|Print List Price:||$6.45|
Save $6.45 (100%)
From the Earth to the Moon and Round the Moon Kindle Edition
|Length: 368 pages||Word Wise: Enabled||Enhanced Typesetting: Enabled|
|Page Flip: Enabled|
Kindle e-ReadersFire TabletsFire Phones
Getting the download link through email is temporarily not available. Please check back later.
To get the free app, enter your mobile phone number.
Customers Who Bought This Item Also Bought
Top Customer Reviews
This download includes two books, "From the Earth to the Moon" and "Round the Moon". Both are exceptional stories. If you only care about the story and can live with practically non-existent formatting or being able to skip to a chapter or the second book, then this is for you. Otherwise buy one of the versions you have to pay for and get a better "overall experience".
I read this book in its Penguin edition perhaps four or five times in my youth, having received if at Christmastide when I was about 11 or 12. I loved it, so when I got my Kindle, also at Christmastide last year, it was one of the first books I downloaded and read.
I enjoyed reliving my childhood fascination with this book. I recalled and warmed to Verne's fascination and obvious admiration for American ingenuity and spirit, and I remembered how much of what I learned about Physics started with my young fascination with this book.
But let's face it -- now re-read as an adult, Verne is an effective popular author but not a literary genius. That is, to follow C.S. Lewis's rubric in "An Experiment in Criticism," Verne writes to take us to the event and not for the word (perhaps I would not say that if I read him in French, as I ought to, but still, I can see in writers like Flaubert, Camus, and Moliere that they write for the word). Particularly in the latter part ("Round the Moon"), the writing seems stretched and turgid and artificial, a way for Verne to show off his knowledge of contemporary science and so on.
As the Romans said, sic transit gloria mundi. We get older, we think we get smarter, and we lose something. I'm glad this re-reading took me back to a time of wonder and fascination, something maybe I've lost as I've grown older.
150 years ago he succeeded in writing a scientific thriller with a pleasant absence of blood and guts and plenty of old fashioned morality and thought. He truly shows us what the TV has taken from us!
Not only is this original sci-fi, but it is a bit of a look into our society from that era.
---- I hope you enjoy the story as much as I did.
For it's time, 1865, a very interesting read. He had nothing but extremely high praise for American ingenuity and while his understanding of the countryside was a bit off, it was 1865 after-all. He thought the highest mountain in the US was only 10000 feet but he did select Long's Peak in CO for his big telescope, which is not a bad choice if there was a road to the summit, which there isn't. Apparently he didn't know about Pike's Peak at over 14,000 feet. He also selected FL as the site of his cannon but invented a nearby 1800 ft mountain which doesn't exist since the highest spot in FL is only 300' or so above sea level.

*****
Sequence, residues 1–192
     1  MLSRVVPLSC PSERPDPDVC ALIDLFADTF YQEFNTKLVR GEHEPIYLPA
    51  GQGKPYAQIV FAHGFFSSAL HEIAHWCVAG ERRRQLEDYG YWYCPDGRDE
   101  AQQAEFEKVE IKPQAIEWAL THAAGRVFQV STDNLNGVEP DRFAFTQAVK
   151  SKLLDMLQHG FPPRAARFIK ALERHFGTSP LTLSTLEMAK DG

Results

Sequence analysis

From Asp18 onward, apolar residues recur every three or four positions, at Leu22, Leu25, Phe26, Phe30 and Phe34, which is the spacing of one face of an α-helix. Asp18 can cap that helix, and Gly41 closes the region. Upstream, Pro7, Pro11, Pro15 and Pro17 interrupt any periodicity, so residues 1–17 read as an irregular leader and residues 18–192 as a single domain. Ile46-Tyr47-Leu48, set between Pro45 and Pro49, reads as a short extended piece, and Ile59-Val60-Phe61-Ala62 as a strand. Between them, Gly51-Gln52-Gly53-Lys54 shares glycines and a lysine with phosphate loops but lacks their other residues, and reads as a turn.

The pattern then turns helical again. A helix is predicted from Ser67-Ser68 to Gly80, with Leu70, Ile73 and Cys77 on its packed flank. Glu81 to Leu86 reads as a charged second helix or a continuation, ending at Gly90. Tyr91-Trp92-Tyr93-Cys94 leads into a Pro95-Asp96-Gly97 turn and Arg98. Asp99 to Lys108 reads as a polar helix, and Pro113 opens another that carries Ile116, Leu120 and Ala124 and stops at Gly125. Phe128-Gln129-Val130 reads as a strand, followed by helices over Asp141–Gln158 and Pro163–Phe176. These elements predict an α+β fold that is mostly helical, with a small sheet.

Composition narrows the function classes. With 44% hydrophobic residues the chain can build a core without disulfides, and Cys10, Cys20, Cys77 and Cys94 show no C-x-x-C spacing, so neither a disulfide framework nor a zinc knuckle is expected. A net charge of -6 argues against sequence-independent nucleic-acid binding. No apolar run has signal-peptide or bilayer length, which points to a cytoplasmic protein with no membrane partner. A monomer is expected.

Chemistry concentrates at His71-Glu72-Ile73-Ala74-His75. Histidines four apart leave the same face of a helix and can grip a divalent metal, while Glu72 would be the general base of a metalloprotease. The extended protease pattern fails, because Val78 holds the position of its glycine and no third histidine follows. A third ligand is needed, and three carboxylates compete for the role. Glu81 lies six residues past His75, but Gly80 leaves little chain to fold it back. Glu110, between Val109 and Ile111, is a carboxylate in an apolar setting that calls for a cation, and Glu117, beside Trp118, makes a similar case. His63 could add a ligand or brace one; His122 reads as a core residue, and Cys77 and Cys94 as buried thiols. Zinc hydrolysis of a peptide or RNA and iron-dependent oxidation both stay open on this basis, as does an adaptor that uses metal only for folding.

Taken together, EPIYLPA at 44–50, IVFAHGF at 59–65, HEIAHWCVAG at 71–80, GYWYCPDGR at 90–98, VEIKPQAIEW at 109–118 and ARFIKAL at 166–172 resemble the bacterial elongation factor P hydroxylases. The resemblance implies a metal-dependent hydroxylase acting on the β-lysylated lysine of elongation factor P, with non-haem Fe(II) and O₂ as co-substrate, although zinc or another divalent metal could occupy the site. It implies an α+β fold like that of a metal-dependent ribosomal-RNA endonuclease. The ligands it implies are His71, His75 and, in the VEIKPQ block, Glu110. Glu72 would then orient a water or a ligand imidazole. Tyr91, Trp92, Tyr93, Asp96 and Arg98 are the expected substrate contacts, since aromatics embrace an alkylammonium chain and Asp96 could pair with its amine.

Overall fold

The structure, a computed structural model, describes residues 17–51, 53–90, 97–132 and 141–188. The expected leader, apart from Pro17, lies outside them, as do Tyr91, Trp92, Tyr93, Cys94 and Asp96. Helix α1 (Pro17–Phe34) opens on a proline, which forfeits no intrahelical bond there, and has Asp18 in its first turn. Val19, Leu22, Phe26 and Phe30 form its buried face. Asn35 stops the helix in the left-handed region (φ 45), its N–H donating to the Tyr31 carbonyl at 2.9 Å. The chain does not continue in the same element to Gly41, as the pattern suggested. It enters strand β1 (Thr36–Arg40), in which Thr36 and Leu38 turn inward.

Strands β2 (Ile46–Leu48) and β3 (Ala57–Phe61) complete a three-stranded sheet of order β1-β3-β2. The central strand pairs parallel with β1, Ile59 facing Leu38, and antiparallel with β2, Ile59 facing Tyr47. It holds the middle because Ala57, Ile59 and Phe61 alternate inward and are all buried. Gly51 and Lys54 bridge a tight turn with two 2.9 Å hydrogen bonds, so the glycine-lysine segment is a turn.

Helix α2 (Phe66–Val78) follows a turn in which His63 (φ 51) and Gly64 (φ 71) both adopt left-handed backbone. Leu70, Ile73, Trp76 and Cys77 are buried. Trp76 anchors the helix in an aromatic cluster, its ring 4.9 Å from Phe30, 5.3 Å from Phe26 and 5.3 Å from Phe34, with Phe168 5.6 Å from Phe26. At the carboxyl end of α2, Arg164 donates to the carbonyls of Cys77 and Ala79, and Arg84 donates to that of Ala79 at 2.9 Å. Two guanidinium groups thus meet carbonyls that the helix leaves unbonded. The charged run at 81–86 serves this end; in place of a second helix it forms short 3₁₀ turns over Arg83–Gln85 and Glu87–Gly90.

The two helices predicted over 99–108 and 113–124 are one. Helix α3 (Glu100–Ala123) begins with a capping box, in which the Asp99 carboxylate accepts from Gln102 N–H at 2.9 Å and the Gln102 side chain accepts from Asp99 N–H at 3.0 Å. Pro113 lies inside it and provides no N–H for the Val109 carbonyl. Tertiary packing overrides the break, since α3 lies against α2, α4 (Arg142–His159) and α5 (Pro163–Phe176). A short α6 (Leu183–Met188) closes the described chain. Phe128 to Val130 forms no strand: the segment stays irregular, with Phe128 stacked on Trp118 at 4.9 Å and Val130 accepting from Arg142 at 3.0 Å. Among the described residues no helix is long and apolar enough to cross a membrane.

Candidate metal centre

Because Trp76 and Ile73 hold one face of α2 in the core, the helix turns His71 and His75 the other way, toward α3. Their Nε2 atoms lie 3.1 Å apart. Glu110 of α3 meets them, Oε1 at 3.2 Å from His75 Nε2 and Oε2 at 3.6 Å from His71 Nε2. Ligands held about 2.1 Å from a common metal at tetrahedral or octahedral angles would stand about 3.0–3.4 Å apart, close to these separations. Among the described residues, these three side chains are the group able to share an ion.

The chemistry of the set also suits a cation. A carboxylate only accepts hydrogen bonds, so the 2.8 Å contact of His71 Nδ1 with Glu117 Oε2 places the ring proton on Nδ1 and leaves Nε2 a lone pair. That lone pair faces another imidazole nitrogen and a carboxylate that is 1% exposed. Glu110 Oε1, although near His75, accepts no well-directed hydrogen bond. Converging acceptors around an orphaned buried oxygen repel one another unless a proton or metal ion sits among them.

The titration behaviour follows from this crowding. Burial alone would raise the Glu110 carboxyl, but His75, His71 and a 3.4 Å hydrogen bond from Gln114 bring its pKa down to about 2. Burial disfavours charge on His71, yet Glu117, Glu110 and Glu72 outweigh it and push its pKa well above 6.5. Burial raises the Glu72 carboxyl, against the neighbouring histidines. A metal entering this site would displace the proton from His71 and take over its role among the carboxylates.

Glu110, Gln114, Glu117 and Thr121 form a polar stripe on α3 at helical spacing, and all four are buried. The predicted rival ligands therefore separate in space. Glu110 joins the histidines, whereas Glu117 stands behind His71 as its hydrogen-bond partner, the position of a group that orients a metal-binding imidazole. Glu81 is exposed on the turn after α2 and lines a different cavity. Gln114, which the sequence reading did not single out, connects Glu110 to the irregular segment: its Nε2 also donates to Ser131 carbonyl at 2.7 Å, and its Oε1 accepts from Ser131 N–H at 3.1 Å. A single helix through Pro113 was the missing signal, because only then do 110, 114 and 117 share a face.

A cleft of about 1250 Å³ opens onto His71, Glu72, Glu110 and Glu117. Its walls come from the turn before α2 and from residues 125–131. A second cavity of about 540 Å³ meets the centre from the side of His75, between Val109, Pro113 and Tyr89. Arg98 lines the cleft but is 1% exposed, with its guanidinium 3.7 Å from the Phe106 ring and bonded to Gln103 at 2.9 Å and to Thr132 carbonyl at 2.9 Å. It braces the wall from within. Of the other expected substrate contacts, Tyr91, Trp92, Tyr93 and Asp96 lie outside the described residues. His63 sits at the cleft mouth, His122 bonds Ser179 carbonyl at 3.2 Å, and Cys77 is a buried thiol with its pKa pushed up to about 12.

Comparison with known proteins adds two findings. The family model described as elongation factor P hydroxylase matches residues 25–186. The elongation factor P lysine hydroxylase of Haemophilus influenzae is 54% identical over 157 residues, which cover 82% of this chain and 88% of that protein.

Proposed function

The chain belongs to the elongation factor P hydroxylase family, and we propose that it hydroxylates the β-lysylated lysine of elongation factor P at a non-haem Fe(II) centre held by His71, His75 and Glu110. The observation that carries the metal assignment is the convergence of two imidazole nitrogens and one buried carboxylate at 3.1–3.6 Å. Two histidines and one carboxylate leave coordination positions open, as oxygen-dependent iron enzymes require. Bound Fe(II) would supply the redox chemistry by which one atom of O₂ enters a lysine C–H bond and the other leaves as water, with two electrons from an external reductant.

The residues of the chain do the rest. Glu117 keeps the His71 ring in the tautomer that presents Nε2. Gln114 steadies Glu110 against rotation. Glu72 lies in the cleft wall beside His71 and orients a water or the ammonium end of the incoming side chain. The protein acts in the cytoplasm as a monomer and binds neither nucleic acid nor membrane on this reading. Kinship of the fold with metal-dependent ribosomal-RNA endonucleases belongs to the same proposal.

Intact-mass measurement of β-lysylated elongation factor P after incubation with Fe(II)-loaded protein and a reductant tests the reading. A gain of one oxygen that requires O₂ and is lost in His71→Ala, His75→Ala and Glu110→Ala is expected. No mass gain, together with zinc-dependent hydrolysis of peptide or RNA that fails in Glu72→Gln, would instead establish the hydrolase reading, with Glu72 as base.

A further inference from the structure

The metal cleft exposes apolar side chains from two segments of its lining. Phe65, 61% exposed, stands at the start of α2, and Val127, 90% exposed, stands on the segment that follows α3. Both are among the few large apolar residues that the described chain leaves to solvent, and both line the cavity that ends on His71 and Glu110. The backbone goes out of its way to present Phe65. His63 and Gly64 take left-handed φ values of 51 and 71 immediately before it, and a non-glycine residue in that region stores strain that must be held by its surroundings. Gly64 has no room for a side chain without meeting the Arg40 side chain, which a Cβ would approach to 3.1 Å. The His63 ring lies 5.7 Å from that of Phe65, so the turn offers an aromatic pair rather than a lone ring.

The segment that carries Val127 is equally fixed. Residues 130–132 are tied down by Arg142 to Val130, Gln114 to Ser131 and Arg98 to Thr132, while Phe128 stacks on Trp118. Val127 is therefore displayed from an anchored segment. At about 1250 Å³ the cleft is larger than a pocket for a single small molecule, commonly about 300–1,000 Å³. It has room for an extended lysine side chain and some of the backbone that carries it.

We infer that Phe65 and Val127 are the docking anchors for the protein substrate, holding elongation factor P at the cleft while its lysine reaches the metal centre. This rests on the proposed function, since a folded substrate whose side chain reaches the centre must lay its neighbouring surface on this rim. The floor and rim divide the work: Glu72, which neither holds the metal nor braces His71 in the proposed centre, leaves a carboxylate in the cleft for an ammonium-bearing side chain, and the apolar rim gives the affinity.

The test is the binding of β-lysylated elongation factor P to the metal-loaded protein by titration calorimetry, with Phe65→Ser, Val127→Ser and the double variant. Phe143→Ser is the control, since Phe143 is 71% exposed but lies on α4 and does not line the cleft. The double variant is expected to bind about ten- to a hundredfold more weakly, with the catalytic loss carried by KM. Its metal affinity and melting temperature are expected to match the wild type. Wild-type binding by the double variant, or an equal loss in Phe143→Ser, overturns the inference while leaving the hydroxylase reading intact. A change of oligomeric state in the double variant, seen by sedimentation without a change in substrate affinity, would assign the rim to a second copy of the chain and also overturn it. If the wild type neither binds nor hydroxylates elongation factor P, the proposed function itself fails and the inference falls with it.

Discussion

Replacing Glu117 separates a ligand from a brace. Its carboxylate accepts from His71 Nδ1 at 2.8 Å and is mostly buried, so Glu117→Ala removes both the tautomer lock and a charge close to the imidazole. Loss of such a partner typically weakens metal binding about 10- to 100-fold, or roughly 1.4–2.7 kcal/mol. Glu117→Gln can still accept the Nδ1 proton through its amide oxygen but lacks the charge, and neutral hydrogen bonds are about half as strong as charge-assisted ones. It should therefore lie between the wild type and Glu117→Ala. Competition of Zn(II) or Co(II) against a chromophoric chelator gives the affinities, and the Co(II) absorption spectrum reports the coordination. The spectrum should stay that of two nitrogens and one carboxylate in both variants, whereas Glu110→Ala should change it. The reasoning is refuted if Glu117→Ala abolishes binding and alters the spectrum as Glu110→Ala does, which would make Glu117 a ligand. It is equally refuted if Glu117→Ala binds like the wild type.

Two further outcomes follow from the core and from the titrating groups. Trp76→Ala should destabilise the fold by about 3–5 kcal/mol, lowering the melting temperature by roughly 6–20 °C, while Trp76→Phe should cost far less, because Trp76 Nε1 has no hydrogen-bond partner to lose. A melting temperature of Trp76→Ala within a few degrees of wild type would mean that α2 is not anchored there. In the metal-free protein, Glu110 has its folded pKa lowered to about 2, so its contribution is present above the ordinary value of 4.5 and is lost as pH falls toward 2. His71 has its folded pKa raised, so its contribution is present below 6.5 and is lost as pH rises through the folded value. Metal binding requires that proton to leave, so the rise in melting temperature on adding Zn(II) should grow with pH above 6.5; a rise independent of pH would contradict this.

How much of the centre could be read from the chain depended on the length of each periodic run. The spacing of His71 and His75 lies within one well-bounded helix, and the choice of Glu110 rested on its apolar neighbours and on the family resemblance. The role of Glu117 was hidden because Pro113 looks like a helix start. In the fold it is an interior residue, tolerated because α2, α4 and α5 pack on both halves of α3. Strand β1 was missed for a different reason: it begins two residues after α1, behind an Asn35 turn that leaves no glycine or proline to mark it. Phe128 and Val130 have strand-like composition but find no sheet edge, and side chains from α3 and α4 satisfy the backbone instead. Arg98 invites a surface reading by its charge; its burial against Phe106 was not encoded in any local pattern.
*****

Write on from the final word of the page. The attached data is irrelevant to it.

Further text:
Verne went into excruciating detail regarding the design of the big gun and the capsule to hold the three travelers. Somehow they survived being shot out of the cannon at 16,000 yards per sec but he had an ingenious method to absorb the shock, not that it would have actually worked, but it sounded good. During the trip, he describes what they did and the very fine meals they consumed, getting fat in the process. Mealtime was a big deal apparently in that era and somehow all of their food, equipment, and animals (yes, they brought along chickens and dogs, one of which died in space, to populate the moon) more or less survived. They did have to eject a dead dog yet somehow never lost much air to space and Verne describes how the dog's carcass followed the capsule along around the moon. They even measure the temperature of space and conceptually weren't all that far off.Read more ›
Most Recent Customer Reviews
Great read! I am enjoying reading some of the classics I read in my younger days.Published 1 month ago by Jace L. Martin
Price was right! You're compelled to read both books. Not as entertaining as 20,000 leagues ... but it was on my Jules Verne "Bucket List". Read morePublished 2 months ago by $Bill
classic. Victorian. books like this have not been written for decades.Published 2 months ago by William W.
Jules Verne was probably my first "favourite author" and I remember well, when I was still a child, those Sunday mornings I've spent reading and dreaming about all the... Read morePublished 5 months ago by JOAONOGUEIRA